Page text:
›› 2012, Vol. 32 ›› Issue (9): 1234-.doi: 10.3969/j.issn.1674-8115.2012.09.021

• Editorial • Previous Articles     Next Articles

Accelerate the translational research and promote the systems biology study on hematology

CHEN Sai-juan, ZHAO Wei-li, ZHANG Xiao-wei, YAN Xiao-jing, ZHANG Ji, CHEN Zhu   

  1. Shanghai Institute of Hematology, State Key Laboratory of Medical Genomics, Shanghai 200025, China
  • Online:2012-09-28 Published:2012-09-29


Leukemia is a malignancy of serious harm to human health and its pathogenesis needs to be further clarified. With the rapid development of science and technology, study on disease mechanism is no longer limited to a single point of view, but aim to integrate the different levels of information, focus on mutual relations and interactions between molecules, in order to understand the systems biological dysfunction in the disease. Thus, using systems biological methods to study in depth the leukemia development, and in this setting, applying the idea of translational medicine to explore the targeted therapy of leukemia, has an important significance for the final capture of the disease. During the construction of the “211 Project”, Shanghai Institute of Hematology has made a major breakthrough in the basic and clinical studies of differentiation and apoptosis-induced targeted therapy of acute promyelocytic leukemia (APL), making APL the first curable acute myeloid leukemia, and the successful example of leukemia gene product-based targeted therapy. This will be further extended to other types of leukemia. Also, our group has made a significant progress on leukemia systems biology research, being the first to carry out the Leukemia Genome Anatomy Project. Using exome sequencing of acute monocytic leukemia, we identify the mutations and epigenetic changes of DNA methyltransferase 3A (DNMT3A) gene, which is closely related to the clinical diagnosis and prognosis of leukemia patients. We also study at the genome-wide level the APL pathogenesis and illustrate the target genes transcriptionally repressed by PML-RARα oncoprotein. These results not only provide guidance on leukemia pathogenesis, molecular typing and standardized clinical pathway of leukemia, but also deepen the theoretical connotations of “translational medical research” and use target therapy to save thousands of leukemia patients world-wide.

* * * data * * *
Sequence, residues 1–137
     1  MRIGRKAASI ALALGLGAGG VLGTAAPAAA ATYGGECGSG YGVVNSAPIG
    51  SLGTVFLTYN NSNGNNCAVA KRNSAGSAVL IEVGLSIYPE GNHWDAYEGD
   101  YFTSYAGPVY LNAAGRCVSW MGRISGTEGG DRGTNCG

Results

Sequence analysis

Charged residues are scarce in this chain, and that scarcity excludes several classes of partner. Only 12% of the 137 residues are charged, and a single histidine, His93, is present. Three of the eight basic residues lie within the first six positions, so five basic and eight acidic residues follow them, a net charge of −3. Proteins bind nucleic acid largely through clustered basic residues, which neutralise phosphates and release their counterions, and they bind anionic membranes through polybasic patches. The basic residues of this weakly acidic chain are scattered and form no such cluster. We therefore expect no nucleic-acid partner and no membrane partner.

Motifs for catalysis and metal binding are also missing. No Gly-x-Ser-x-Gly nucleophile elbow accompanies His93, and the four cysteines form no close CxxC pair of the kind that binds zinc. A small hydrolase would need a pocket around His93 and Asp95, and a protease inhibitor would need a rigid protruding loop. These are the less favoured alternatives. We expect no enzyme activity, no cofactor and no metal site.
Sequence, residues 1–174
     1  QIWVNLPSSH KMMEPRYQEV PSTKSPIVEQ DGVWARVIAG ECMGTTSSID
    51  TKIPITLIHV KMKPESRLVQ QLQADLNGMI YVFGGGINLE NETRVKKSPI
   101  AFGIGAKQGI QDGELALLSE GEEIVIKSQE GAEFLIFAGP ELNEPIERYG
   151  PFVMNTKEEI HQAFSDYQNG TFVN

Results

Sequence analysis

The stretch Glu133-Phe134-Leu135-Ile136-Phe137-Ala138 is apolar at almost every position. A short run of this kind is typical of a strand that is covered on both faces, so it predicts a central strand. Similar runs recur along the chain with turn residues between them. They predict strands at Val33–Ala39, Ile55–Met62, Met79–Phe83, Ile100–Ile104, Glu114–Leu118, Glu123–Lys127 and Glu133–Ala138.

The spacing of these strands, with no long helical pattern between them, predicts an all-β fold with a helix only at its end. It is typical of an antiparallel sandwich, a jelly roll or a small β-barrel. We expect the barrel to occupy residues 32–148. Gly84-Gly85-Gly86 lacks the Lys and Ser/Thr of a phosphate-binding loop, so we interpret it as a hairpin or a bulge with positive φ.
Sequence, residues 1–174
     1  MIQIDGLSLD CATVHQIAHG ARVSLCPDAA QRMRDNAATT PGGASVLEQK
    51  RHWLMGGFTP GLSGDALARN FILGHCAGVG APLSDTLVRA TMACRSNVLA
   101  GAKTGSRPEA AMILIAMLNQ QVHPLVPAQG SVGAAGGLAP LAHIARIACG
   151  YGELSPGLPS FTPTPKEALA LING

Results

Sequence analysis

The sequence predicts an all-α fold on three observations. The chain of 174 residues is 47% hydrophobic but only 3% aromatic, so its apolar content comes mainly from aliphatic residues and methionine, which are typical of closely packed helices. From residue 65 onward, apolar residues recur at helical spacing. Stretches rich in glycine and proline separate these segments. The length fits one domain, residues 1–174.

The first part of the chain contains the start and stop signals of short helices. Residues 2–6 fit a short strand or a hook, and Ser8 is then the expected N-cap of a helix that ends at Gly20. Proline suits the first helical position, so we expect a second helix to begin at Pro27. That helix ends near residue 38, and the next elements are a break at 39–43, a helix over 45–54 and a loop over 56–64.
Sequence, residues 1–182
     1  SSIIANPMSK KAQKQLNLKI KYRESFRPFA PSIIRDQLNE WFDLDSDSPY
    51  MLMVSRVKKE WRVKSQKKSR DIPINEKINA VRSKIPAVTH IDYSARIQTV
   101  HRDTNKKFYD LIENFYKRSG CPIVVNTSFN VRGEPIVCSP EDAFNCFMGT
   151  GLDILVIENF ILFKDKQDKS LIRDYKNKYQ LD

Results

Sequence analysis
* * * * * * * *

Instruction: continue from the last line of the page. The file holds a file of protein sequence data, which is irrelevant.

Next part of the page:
Key words: leukemia, system biology, targeted therapy